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At the 2008 Miami Open, Kevin Anderson celebrated an upset win over Novak Djokovic.

My Masters 1000: Kevin Anderson

South African looks back on special Masters 1000 debut in Miami

The Miami Open presented by Itau has always been special for Kevin Anderson. The South African made quite the ATP World Tour Masters 1000 debut at the tournament in 2008. A year removed from a successful collegiate career at the University of Illinois, the South African qualified for the main draw and stunned reigning Australian Open champion Novak Djokovic in the second round. Three years later at Crandon Park, Anderson reached his first Masters 1000 quarter-final, this time coming up short against Djokovic.

As he makes his return to Miami this week, the 30-year-old Anderson looks back on his win over Djokovic and shares who he thinks is the toughest competitor in Masters 1000 history.

What makes the ATP Word Tour Masters 1000 tournaments special?
First of all, you have a full playing field, pretty much every single top player is here... Indian Wells and Miami, with the bigger draw, really showcase pretty much the Grand Slam-level of field in a more condensed format. The tournament goes a little quicker. From the other side, Paris, you have a much smaller draw, you have some incredible matches from early on in the tournament. 

Which is your favourite Masters 1000 tournament?
They’re all really special in their own way. I must say Indian Wells is one of my favourites. I love the surrounding areas. I’ve always been a big fan of the mountains and I usually try to hike a little bit. But also just how much they’ve put into the facilities, it’s quite to special to play at. Each court feels like a little grandstand court, even if it’s grandstand 8 with Hawk-Eye. It’s almost as close as you can get to a Grand Slam.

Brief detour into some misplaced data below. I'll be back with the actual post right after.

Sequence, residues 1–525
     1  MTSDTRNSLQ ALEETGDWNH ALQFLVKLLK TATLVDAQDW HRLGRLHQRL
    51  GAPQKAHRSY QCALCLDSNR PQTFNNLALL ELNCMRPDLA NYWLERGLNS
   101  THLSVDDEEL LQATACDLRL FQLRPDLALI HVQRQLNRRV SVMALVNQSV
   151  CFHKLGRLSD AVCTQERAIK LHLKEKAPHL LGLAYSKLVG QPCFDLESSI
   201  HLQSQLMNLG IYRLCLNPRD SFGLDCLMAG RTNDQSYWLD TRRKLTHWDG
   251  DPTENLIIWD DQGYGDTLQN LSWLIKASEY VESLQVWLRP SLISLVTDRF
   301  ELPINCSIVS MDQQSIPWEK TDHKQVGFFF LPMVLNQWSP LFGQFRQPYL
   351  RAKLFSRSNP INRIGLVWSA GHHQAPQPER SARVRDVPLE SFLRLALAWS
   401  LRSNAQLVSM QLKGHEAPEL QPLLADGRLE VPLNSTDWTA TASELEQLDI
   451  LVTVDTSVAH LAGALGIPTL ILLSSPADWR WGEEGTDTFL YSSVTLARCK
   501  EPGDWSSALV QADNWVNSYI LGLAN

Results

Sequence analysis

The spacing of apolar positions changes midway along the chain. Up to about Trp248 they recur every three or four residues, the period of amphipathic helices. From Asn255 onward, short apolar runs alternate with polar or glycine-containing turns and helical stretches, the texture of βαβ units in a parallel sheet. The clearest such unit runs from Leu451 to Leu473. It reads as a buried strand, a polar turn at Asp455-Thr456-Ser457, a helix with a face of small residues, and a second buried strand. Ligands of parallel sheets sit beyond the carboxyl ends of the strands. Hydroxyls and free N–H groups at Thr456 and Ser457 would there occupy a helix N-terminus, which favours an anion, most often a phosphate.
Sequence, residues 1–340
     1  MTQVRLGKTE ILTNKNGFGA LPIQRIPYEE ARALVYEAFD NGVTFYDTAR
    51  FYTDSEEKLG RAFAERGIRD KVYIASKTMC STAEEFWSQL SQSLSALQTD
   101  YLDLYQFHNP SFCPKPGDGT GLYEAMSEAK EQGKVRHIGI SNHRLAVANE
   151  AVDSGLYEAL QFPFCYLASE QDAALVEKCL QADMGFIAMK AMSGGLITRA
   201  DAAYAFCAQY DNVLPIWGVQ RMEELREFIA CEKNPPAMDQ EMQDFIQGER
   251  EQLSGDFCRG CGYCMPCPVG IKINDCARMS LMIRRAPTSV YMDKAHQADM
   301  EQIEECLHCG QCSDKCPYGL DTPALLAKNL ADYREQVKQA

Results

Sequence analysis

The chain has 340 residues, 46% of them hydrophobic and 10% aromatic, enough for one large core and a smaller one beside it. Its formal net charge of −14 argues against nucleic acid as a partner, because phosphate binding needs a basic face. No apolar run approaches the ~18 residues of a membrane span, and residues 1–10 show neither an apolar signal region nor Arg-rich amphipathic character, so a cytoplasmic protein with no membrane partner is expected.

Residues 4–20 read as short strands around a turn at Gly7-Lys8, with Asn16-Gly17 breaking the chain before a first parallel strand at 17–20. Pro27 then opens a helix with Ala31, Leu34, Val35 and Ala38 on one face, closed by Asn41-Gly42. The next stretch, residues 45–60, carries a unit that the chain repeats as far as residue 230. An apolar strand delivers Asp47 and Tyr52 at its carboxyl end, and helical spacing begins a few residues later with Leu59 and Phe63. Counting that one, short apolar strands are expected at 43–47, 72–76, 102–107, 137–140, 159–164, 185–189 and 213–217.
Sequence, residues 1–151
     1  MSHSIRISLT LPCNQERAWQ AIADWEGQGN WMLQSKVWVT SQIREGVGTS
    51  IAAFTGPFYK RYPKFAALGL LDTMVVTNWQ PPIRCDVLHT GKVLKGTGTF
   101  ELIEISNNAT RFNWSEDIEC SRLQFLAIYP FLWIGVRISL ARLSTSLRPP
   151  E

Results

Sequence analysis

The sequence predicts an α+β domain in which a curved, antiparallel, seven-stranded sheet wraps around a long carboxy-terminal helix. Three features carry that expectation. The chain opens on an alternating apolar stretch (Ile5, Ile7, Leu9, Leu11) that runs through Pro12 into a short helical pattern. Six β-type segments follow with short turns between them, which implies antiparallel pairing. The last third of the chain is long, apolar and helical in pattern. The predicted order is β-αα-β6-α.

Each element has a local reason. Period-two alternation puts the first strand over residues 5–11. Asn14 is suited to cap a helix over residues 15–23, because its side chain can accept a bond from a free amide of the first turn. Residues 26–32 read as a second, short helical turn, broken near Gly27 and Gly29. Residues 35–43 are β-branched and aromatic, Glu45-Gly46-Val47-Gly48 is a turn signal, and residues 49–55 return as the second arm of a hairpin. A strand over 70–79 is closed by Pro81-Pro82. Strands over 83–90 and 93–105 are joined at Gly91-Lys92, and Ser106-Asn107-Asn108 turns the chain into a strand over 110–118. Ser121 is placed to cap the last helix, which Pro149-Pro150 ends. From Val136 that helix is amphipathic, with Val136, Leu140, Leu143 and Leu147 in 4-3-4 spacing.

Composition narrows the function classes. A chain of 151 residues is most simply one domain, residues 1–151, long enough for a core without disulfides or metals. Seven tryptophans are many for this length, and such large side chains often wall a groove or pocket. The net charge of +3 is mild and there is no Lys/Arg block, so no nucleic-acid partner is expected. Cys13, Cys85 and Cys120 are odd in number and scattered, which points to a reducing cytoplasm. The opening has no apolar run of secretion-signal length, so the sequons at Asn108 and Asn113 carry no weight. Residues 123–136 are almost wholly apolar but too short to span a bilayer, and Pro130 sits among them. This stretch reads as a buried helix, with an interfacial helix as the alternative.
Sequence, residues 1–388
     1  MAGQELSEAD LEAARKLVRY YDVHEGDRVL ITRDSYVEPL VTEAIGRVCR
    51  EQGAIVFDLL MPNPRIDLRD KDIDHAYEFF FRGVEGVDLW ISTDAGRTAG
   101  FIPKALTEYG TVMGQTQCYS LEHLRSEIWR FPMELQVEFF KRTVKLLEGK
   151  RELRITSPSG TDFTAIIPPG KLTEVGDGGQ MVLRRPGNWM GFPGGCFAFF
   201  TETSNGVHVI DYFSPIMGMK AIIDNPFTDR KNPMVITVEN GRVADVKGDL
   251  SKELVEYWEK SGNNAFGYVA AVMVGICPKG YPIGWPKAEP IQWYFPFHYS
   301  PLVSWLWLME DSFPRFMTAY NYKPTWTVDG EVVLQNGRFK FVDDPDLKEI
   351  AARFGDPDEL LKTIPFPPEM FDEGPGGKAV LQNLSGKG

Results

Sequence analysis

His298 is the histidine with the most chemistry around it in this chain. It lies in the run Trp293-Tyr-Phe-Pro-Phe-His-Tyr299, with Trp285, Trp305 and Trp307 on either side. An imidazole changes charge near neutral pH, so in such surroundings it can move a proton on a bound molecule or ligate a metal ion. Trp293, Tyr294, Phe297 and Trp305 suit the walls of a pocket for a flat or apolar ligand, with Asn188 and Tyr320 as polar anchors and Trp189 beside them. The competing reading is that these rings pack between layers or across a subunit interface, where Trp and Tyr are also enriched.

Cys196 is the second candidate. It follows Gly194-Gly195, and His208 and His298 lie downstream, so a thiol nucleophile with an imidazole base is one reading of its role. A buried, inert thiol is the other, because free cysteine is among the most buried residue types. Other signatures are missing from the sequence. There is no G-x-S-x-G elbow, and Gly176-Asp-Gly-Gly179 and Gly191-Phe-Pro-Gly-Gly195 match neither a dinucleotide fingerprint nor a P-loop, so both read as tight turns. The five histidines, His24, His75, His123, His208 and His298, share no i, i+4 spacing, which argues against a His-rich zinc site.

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Of the Masters 1000 matches you’ve played, which one stands out?
One of them I remember very well is from a long time ago when I beat Djokovic in Miami in 2008. Obviously I’ve played a lot of matches since then, but I was just out of college the year before and playing the Australian Open champion that year, there was a lot of people watching. That was just very exciting for me. 

Which player would you consider to be the toughest competitor in Masters 1000 history?
I think what’s really been incredible in terms of this crop of players, the top guys, as opposed to a decade or even two decades ago is how much importance and consistency they’ve placed on these Masters 1000 events. If you look at all the top guys who’ve done well – Djokovic, Federer, Nadal and Murray as well – it’s really crazy to see how much emphasis and how well they perform. Novak is one title away in Cincinnati from winning all of them so he’s done an incredible job the last few years. 

What’s your favourite Masters 1000 court to play on?
Rome, Court 1 there with the statues (Stadio Pietrangeli). I’ve played a doubles match there, not singles, but if you play a local Italian there, it would be a pretty interesting match.  

Which Masters 1000 would you most want to win and why?
I think Miami. It’s got a very long history. I’ve been living in Florida for the last few years. I go down there and train a little bit, but I’d be happy with any of them.